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Thursday, January 17, 2019

WASHINGTON — Pope Francis is proving himself to be a genuinely holy man, a brilliant politician and a leader who knows that reform requires a keen understanding of how creating a better future demands sophisticated invocations of the past.

Nothing demonstrated all three traits better than Francis’ announcement that he would make both Pope John Paul II and Pope John XXIII saints. The obvious political analysis here is correct: On the whole, conservative Catholics will cheer swift sainthood for John Paul while progressive Catholics will welcome the news that an overly long process of elevating John to the same status had reached its culmination. One for one side, one for the other — it’s a good formula for harmony, something Catholicism needs right now.

But much more is going on here. Rapid sainthood for John Paul was inevitable, partly because of widespread devotion to him around the church and not simply in its conservative wing. A campaign to sanctify him took off from the moment of his death. Whatever criticisms might be directed his way — on his sluggishness in facing up to the clerical abuse scandal, for example — there should be no denying his standing as a world-historical figure.

His vital role in the collapse of Soviet communism will always be recognized as the product of faith married to shrewd statesmanship. And, speaking personally, getting to cover John Paul’s 1986 visit to a synagogue in Rome where he robustly and decisively condemned anti-Semitism will always endure as one of the most moving experiences of my journalistic life.

But that story is a perfect example of why it was essential to sanctify Popes John and John Paul at the same time. Without Pope John, there would not have been the John Paul we came to admire.

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7 responses to “Pope Francis’ Saintly Politics”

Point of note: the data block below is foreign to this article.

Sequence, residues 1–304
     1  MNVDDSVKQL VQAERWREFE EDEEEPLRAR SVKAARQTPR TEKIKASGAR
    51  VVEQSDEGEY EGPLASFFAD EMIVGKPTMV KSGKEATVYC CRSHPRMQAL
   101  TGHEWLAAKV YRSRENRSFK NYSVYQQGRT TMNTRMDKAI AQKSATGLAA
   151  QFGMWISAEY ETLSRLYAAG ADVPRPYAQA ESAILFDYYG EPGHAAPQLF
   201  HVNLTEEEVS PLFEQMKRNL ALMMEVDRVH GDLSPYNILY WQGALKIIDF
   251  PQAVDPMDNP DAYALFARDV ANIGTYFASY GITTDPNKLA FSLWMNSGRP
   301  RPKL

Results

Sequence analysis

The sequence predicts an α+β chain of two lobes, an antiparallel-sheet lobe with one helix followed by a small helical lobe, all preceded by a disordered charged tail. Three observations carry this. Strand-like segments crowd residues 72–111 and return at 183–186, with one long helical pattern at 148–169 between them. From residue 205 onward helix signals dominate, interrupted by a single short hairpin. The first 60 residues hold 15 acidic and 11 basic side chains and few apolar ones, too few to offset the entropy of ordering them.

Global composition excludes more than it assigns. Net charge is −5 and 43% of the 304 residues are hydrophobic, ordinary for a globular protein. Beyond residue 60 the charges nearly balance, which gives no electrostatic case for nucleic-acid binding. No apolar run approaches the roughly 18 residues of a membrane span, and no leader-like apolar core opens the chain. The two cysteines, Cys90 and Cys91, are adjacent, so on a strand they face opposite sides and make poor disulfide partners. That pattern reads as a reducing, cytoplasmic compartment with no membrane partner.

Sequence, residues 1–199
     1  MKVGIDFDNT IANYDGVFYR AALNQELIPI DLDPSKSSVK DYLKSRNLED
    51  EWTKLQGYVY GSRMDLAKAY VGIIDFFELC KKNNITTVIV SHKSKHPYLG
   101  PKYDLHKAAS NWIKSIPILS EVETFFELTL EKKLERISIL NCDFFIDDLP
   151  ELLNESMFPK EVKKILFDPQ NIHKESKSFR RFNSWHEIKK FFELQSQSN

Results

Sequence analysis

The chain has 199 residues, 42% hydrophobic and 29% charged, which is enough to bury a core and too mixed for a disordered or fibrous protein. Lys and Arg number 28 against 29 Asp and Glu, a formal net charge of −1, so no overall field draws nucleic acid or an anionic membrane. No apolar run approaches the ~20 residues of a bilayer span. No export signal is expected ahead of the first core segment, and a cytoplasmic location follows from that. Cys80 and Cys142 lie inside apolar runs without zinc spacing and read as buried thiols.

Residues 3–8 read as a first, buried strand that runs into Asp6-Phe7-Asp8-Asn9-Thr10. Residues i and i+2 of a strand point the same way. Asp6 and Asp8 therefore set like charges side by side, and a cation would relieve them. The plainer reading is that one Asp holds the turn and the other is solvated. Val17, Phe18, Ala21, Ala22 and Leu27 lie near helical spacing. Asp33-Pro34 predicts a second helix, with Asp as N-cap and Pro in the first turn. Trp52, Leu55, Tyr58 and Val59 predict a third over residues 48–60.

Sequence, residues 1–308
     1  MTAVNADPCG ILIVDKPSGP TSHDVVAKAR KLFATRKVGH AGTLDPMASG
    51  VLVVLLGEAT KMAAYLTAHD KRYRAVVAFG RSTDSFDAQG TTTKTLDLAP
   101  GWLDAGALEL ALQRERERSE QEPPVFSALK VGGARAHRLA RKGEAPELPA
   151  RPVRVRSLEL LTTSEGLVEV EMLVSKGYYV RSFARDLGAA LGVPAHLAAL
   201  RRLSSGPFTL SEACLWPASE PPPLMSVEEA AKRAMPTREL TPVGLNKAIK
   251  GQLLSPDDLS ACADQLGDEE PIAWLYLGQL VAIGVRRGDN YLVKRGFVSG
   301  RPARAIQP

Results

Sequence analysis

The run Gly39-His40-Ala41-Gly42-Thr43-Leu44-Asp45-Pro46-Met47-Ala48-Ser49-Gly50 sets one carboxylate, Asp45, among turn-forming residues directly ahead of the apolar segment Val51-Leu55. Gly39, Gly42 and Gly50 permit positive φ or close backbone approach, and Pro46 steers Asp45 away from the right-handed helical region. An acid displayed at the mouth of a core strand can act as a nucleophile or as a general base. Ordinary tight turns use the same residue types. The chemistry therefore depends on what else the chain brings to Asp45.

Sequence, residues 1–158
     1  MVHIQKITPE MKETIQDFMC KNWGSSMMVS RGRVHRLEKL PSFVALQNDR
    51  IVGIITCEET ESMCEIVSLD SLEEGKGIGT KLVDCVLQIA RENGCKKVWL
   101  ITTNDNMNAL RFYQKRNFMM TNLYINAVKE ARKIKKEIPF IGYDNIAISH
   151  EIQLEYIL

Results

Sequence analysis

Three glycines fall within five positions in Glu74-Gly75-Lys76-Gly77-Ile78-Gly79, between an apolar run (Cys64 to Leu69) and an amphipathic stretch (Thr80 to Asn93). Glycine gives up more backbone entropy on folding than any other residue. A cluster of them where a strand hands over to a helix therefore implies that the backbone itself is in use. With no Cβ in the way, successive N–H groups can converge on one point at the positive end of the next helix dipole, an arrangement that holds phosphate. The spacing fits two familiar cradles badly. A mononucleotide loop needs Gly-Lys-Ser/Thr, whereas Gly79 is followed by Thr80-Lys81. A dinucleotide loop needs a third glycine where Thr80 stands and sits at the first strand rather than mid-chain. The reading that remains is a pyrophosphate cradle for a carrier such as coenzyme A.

1. JDavidS says:

    Oh boy… Two more saints for the dohgans… Not exactly an exclusive club. Seems the only prerequisites are that at one point in time you had to have two feet and a heartbeat. After that it’s pretty much an open field.

  2. roaringborealis says:

    JDavid–I hope your issue is with the Church only, and not part of the current fad of bringing down anyone deemed ‘great’, denying that greatness even exists. The mantra seems to be “if no one’s great, then I’m okay”. This ‘self-esteem-as-highest-virtue’ movement is a race to the bottom. Thankfully, we’re not all aboard, and so great people will continue to do great things, moving humanity along.

    As for the Church, in a world of several billion, what’s a few hundred?

    • JDavidS says:

      Yes, my issue is with this archaic institution. The Roman Catholic church is nothing more than a crutch for the feeble minded and is the single most hypocritical outfit on this planet. In a world run rife because of over-population this bozo pope preaches no to birth control. They squawk about feeding the poor. How about selling off some of the untold billions the church has squirreled away to help do that? (Yeah, to salve your conscience they do a bit). There’s a saint for all occasions…hell there’s probably a saint for the saints. Then we could go into the serial pedophilia and the fact that so many “leaders” of that outfit have protected and shielded the perpetrating priests from the law. There are the “Magdalene laundries”…basically slave labour. And wasn’t it this church who burned “heretics” at the stake for having the temerity to suggest that the earth revolved around the sun? And how about confession? Yeah, unburden yourself to some clown in a collar. Then, having gained “absolution” you’re free to go out and do it all over again.
      I could go on, but I’m sure you get my point…

  3. disqus_ivSI3ByGmh says:

    Oh, I am sure the “traditionalists” did everything they could to suppress or disprove any miracles associated with John XXIII. He upset their apple cart just a little too much. Paul VI, while not skeptical, felt the proper approach to any non-martyr Sainthood, involved long-term study and evaluation. Benedict started to push for JP2’s sainthood before the corpse was even cold! They hunted for the two needed miracles (it used to be three) actively, instead of allowing the normal beatification and sanctification process to take place.